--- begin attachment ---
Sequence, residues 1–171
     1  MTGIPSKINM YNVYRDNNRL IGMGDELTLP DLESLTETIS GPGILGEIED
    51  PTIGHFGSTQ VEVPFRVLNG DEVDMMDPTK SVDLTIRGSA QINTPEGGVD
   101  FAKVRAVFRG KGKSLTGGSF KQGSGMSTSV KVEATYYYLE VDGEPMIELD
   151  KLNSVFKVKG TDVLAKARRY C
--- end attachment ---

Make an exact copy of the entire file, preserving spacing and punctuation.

Sequence, residues 1–171
     1  MTGIPSKINM YNVYRDNNRL IGMGDELTLP DLESLTETIS GPGILGEIED
    51  PTIGHFGSTQ VEVPFRVLNG DEVDMMDPTK SVDLTIRGSA QINTPEGGVD
   101  FAKVRAVFRG KGKSLTGGSF KQGSGMSTSV KVEATYYYLE VDGEPMIELD
   151  KLNSVFKVKG TDVLAKARRY C